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Sens. Murkowski and Burr Urge Administration to Commit All Available Resources to Gulf Spill Cleanup

WASHINGTON, D.C. - U.S. Sen. Lisa Murkowski, R-Alaska, and Sen. Richard Burr, R-North Carolina, today sent a letter asking the Obama administration what steps it was taking to ensure that all offers by foreign oil-spill response vessels to help clean up the spill in the Gulf of Mexico were accepted.

Murkowski and Burr said they are concerned with reports that foreign vessels, including oil skimmers and specialized dredging ships, are being turned away from the Gulf because they lack a waiver to the Jones Act, which restricts the operation of foreign vessels in U.S. waters.

U.S. Coast Guard Adm. Thad Allen has requested that Jones Act waivers be granted to foreign ships offering to help clean up the spill - a request Murkowski and Burr fully support.

"The urgency and seriousness of the circumstances demand swift and unequivocal responses from our leaders," Murkowski said. "We must have all hands on deck and should not be turning away legitimate offers of help. That means making sure all capable U.S. vessels are engaged and, when necessary, accepting help from our allies."

"We need to ensure that everything possible is being done to plug this well and clean up the Gulf," Burr said. "I'm deeply troubled by reports that legitimate offers of help are being turned away by our own government. Waiving the Jones Act is a common-sense step that the president can take to allow us to use every effective tool to contain and clean up the oil."

In their letter, Murkowski and Burr asked the administration for three clarifications:

·         Has there been any foreign vessel or service that has been made available for response efforts that have been denied such a role for any reason other than its particular function being unnecessary?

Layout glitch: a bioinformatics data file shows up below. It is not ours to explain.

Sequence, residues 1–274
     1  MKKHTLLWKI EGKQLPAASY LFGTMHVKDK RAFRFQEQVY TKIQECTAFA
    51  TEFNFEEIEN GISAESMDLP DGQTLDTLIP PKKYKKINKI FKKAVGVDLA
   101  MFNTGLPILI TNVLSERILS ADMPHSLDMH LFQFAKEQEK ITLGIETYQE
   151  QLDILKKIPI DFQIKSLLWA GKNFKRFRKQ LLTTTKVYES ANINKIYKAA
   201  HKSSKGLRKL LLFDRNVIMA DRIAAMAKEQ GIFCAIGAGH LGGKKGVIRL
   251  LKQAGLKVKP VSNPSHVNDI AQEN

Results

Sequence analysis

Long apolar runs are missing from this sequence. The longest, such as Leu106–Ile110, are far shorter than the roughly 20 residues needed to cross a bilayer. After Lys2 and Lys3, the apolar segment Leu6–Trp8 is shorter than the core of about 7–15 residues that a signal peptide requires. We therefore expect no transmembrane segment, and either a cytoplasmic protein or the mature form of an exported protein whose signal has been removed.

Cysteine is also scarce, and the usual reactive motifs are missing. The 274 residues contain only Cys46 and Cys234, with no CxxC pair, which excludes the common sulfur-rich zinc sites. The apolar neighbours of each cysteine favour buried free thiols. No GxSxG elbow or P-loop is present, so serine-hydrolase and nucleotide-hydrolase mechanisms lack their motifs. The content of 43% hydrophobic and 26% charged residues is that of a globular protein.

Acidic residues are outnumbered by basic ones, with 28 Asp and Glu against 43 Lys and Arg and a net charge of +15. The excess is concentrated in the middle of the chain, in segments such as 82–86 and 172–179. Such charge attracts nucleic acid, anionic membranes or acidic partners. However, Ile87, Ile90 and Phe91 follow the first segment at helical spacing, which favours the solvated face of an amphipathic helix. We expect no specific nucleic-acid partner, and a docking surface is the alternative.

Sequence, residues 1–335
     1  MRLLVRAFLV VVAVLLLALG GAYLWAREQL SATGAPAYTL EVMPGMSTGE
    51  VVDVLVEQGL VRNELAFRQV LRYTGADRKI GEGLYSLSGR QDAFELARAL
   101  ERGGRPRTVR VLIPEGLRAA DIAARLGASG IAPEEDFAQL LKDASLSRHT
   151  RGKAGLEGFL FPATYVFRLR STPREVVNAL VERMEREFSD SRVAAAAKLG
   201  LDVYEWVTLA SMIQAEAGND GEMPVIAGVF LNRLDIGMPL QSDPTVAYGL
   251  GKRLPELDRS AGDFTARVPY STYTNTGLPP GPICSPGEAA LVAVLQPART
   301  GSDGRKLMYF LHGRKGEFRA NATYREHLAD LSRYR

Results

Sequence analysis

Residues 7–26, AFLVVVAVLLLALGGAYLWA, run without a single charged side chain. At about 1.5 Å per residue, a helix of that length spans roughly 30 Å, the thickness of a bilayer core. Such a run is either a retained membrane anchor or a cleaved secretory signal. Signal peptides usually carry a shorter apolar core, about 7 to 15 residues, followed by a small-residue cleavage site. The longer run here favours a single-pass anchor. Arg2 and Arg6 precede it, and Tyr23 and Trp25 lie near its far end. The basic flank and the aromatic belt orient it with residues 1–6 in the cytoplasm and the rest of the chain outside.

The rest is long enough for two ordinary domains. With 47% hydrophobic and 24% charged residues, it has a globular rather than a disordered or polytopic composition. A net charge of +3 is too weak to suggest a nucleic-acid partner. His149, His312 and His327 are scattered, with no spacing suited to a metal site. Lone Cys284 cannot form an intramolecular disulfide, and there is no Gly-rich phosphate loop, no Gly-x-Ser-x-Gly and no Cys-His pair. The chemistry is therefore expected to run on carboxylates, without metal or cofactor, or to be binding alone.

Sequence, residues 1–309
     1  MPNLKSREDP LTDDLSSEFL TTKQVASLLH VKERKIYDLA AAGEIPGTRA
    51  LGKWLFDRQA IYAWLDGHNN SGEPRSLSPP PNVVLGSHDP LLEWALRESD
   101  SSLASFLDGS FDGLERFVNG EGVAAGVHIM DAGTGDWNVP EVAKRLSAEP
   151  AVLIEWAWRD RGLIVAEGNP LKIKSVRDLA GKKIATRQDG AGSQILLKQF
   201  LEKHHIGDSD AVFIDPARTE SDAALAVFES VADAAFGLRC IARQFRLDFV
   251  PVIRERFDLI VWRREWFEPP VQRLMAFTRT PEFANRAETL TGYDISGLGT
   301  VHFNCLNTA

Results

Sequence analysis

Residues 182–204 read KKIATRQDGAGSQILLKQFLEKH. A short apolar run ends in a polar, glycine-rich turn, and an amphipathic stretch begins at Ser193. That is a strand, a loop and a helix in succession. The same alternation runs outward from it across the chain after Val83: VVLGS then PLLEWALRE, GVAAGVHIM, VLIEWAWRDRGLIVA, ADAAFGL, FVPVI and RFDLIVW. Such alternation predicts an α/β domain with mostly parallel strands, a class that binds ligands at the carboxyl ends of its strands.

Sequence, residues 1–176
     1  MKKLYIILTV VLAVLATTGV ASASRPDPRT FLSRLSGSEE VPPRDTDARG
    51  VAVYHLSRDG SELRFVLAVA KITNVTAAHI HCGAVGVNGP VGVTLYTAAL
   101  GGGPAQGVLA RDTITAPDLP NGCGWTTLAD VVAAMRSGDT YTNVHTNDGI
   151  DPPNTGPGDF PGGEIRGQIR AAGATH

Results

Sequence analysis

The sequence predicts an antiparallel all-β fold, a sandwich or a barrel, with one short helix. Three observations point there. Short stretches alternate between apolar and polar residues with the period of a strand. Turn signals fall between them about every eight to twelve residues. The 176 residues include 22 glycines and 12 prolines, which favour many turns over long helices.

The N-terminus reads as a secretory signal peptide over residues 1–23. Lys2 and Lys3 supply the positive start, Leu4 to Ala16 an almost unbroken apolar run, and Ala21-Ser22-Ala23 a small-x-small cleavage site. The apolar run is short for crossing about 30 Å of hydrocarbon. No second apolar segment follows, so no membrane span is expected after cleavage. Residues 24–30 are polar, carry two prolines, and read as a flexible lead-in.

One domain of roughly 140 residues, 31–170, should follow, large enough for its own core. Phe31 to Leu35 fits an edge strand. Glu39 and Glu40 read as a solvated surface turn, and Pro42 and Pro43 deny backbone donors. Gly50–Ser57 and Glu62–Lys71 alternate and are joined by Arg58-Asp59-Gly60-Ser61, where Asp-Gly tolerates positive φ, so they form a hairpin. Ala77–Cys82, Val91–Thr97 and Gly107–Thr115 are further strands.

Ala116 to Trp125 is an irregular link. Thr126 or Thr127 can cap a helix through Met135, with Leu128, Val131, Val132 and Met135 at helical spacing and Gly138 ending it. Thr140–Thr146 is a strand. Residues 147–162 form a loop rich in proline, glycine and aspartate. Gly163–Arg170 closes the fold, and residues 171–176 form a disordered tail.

·         Will the administration immediately commit to an expedited waiver system in which all potentially useful foreign vessels are presumed compliant and granted?

·         Is the administration taking any steps to not only advise but to solicit aid from international asset holders for purposes of this response, including publicizing the expedited waiver guidance documents in relevant seafaring nations and major port cities? 

Presidential waiving of the Jones Act is not unprecedented. President George W. Bush waived the Jones Act in the aftermath of Hurricanes Katrina and Rita so that foreign countries could send assistance to the region. 

"If the president is serious about fighting this disaster 'with everything we've got,' then he will allow those who have offered aid to come in and help us," Burr said. "With a massive environmental and economic crisis that is continuing to spread, we don't have the luxury of saying no to honest offers of help."

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